Not a REAL CHOICE to states. but you still don’t have that power. State could shut out another state from bringing radio active waste into their dump site. b. ANTI COMMANDEERING PRINCIPLE: Fed. Government/Court’s Arguments/Counter arguments a. MONETARY INCENTIVES – State charge for other states bringing waste in. iii. don’t have authority to pass a law forcing state to take title. Same as trying to control the state treasury. If waste transferred to state. Gov’t argument #3 . HOLDING: ALLOWABLE. So why not make the legislature abide by federal law. there is not constitutional authority that would allow Congress to require states to regulate in a certain way. the two choices really aren’t choices at all. c. TAKE TITLE PROVISION State would have to take title to all radioactive waste generated in the state and be responsible if the state did not comply with the act. Court responds that the link wasn’t really there. just encouraging. states that accept waste could not comply with those who are trying to 1. gov’t is commandeering state treasury. HOLDING: ALLOWABLE. 1. Court says that these are plainly constitutional. REASONING: c. Court said – no balancing of federal and state interests. Commandeering allows Congress to escape “political heat” for unpopular decisions. Can’t force states to pass legislation. and thus state would be responsible for waste 1. b. HOLDING: TAKE TITLE PROVISION VIOLATED THE 10TH AMENDMENT. (choice on its face but turns out it really isn’t) Careful this might be a test quesiton iv. Court responded courts ability to bind state judges comes directly from the constitution in Art. Goes to the essence of state sovereignty d.i. Still has to stay within the bounds of the constitution.Strong federal interests should overcome the state sovereignty interests (in disposing of radioactive waste) 1. state will have to pay to get rid of it and the fed gov’t will be telling state to spend its resources to get rid of the waste. Regulate the way we want you to or we will regulate it ourselves. a. equitable for all states to take responsibility for disposal of own waste within their borders. 1. Nothing is stated about the legislature. ACCESS INCENTIVES – longer state fails to comply with the act.Congress should be able to act as a referee to the states. Govt argument #2 – state judges are required to apply and uphold federal law. 2 Supremacy Clause (mentions state judges specifically). “That’s great. ii. controlled by the state legislature. Okay for Congress to enforce the compromise made by state’s reps in Congress 1. No matter how strong federal interest. Crosses the line from encouragement to coercion. 6 sec. No constitutional provision to enforce the compromise. Gov’t argument #1 . 4. fees go into fund that rewards states for solving own waste problem. which is allowable. Increasing costs of disposal would be authorizing states to REGULATE ACCORDING TO FEDERAL STANDARDS OR BE PREEMPTED by federal law and federal government would exercise its commerce power.” .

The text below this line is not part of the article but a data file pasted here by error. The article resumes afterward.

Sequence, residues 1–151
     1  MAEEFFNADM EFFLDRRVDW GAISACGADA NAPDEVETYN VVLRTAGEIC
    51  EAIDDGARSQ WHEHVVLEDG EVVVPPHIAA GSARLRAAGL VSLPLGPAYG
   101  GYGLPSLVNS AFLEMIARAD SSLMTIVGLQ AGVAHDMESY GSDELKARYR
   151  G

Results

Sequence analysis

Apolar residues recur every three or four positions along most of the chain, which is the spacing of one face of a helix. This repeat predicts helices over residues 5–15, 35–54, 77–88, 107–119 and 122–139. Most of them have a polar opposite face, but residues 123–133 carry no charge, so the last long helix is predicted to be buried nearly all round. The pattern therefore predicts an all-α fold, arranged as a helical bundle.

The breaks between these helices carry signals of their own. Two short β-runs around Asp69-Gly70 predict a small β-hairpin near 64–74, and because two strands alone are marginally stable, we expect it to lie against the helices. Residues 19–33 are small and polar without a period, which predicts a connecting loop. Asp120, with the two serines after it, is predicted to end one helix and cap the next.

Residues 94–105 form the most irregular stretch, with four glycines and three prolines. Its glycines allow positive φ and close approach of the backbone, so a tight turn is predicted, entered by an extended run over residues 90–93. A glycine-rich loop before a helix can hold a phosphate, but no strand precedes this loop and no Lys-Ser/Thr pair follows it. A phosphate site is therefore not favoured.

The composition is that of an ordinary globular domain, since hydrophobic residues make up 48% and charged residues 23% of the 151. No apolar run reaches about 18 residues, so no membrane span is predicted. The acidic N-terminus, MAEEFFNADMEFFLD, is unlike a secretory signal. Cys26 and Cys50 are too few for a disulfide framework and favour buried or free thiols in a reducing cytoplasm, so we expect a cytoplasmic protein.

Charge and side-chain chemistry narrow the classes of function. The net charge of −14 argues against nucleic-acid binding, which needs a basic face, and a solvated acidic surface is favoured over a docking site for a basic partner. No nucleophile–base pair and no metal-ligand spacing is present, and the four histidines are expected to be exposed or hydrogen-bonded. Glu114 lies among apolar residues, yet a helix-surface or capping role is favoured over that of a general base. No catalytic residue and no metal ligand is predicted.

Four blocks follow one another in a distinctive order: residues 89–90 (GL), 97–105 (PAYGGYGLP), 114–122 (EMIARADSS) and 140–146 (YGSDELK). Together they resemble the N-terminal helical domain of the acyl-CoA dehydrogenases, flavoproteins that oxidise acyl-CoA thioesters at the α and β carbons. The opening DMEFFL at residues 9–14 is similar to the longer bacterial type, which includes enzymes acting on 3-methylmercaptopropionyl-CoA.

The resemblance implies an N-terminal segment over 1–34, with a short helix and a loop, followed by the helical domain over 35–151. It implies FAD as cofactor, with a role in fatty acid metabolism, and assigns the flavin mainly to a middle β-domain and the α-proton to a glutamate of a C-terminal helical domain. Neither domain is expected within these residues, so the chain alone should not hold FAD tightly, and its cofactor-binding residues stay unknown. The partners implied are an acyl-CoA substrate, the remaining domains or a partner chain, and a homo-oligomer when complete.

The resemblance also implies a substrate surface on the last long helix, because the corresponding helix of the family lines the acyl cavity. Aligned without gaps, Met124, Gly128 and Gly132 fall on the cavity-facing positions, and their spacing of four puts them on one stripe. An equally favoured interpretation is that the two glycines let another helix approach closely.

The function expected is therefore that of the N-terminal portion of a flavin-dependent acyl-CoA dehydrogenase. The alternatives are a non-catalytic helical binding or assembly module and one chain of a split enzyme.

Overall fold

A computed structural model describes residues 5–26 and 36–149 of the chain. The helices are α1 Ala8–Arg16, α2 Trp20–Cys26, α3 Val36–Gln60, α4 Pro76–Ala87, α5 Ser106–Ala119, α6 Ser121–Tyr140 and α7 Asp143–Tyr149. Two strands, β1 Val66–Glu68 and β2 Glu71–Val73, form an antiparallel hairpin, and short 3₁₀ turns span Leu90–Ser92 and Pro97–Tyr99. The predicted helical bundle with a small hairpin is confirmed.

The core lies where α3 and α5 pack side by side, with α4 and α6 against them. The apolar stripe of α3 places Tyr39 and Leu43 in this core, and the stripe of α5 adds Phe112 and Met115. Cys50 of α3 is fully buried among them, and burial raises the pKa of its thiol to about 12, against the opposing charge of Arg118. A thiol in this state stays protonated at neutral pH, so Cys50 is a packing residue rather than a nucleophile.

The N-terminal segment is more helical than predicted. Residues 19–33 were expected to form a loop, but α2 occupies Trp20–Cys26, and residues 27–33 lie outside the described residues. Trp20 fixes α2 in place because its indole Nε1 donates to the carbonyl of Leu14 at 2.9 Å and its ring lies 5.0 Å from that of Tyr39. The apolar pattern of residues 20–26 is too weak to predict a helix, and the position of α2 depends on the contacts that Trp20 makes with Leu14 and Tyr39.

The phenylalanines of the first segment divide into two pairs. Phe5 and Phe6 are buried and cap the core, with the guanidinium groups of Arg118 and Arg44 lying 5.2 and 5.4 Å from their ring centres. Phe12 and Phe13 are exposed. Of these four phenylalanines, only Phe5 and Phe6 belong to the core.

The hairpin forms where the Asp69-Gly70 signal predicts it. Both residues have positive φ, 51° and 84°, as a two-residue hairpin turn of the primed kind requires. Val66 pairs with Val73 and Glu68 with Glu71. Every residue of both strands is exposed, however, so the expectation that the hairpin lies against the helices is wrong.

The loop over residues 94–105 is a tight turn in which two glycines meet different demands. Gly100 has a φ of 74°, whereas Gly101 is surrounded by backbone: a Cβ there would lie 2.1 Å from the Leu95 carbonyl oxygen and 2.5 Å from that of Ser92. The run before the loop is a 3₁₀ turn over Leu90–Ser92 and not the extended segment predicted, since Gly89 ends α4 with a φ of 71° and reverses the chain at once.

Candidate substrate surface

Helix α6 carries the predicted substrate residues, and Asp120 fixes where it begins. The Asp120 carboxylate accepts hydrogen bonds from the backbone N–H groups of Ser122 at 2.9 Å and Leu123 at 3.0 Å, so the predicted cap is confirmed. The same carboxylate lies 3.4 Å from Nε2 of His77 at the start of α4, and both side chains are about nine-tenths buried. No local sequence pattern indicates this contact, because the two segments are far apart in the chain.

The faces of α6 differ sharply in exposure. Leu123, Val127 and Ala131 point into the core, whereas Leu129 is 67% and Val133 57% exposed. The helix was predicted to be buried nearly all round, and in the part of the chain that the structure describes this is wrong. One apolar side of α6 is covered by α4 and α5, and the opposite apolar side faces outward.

being mad at state when fed is directing the state officials to perform ideas. benfitted from it. the court is compromising the sovereignty of other states in order to uphold NY’s sovereignty b. We should let the political process work in this way. but that didn’t constitute approval by the state. U.) by conscripting state officers directly to administer or enforce a federal regulatory program. state judges are special because they’re mentioned in the supremacy clause . I) Garcia Majority – federal government can tell a state how much it should pay the state employees unless flaw in process. (similar to new york even though dealing with state executive officials instead of stat legislatures) e. Fed gov is forcing the people who execute policy. Court doesn’t understand all of the political and policy arguments GARCIA should control in this case. States are allowed to meet the requirement however they see fit. Gov’t argument #4 . II) BUT NY Majority – federal government cannot force state to take responsibility for privately created radioactive waste in their borders. consistent? Yes. White’s Dissent – says that the law the court invalidated is a perfect example of cooperative federalism (Garcia). III) Synthesis Garcia (fed gov acting as employer) doesn’t raise the same kind of issue that New York does. HOLDING: Temporary provision is not constitutional. 6.Y. United States (1997) federal commandeering of executive officials a. Printz v. not the state officials. a. 5. instead of the legislatures who make the policy = not good.d. ISSUE: Does forcing local law enforcement to conduct temporary handgun background checks commandeering the state executive branch by compelling/forcing state officials to execute federal laws. Government argues: early congressional laws that seemed to say Congress could order states to execute 1. it’s supposed to do. firearms dealer 5 day waiting period. but otherwise leave it to Congress. MAJORITY OPINION IS AN EXAMPLE OF STRICT FEDERALISM/SOVEREIGNTY. b. States coming together to reach a compromise to address the national problem of the disposal of waste. Garcia court said the role for the court is to step in when the political process can’t be trusted. Court responds that NY may have voted for it. IV) It’s o. New York (fed gov regulating as a gov)is more intrusive into state sovereignty. Court protects the people. c. Majority Court’s Arguments) i. Court responds that those are just about state judges. Cannot trust the political process. FACTS: Brady handgun law. a.Y. REASONING: (Government vs. Whole idea hides political accountability.S. and now NY wants out of the law and its not fair. Commands are inconsistent with system of dual sovereignty.k to tell the states they need to regulate something. d. Are Garcia and N. c. Contact area chief Law enforcement officer. . Congress cannot circumvent the prohibition on making states enact a federal regulatory program (as in N. Congress can pass a law with the same effect/purposes if it bases it on the “threat of preemption” or the “monetary incentives”.NY’s reps agreed to the law as written. 1. v. the feds just cannot tell them how to it.